In essence, Francis upheld the rigors of his discipline and of science – and our world is much better as a result.

    This same adherence to the fundamental doctrines of research is a hallmark of a University of Michigan education. To graduate from U-M demonstrates a high level of achievement in academic programs that are deeply grounded in research. As graduates, you have participated in the discovery and creation of knowledge at every level, in all 19 of our schools and colleges.

    In this way, Francis’ announcement was not just a moment, it was also a monument to the enduring importance of our public research university.

    Our society is now confronting a challenge that is similar in many ways to the polio epidemic.

    The COVID-19 pandemic has upended life throughout the United States and all around the world. But it has revealed once again the importance of research universities and the need for educated, creative and talented people to rise to confront a major societal problem.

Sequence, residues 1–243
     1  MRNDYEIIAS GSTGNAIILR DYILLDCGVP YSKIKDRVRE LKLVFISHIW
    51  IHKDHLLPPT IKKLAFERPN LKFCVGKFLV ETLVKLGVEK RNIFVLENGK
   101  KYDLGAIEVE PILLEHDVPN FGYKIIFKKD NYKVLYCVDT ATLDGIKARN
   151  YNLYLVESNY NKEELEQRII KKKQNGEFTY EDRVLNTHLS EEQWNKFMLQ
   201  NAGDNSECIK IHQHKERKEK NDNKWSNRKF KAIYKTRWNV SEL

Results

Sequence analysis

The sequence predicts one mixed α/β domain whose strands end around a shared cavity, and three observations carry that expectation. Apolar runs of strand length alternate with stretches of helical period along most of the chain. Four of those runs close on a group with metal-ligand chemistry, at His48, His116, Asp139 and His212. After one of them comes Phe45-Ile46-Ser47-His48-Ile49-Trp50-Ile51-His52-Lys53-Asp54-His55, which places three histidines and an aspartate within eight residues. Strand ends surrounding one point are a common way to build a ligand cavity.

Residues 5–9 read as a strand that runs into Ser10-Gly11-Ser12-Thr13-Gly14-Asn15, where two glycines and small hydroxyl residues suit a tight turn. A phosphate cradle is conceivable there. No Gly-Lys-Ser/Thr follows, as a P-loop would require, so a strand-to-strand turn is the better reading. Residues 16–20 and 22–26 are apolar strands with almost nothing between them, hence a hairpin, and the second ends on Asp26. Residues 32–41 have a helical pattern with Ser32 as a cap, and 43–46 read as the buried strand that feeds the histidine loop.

In their white paper titled, “When Can We Go Out? Evaluating Policy Paradigms for Responding to the COVID-19 Threat,” Allen, Stanczyk, Sethi, and Weyl assert that our current society wasn’t well-prepared for a novel pandemic:

    Individual countries and the globe as a whole have been caught by surprise by COVID- 19 and the rapid spread of this highly infectious disease. This has been especially true in the U.S. where pandemic planning has primarily focused on strategizing for response to an influenza pandemic.

    The authors point out that COVID-19’s differences from the seasonal flu – including reproduction number, case fatality rates, and vaccine availability – have left “existing planning frameworks in the U.S. badly out of alignment with current needs.”

    Our nation’s ability to respond to a pandemic demands the level of disciplinary breadth that we pride ourselves in at U-M. We have all seen the effects of the pandemic as they relate to medicine, public health, business, public policy and education. At the same time, other disciplines have engaged deeply and importantly, whether it is using technology to bring the arts to people while they shelter in their homes, or through examining the disparities among people that are being exacerbated by this virus.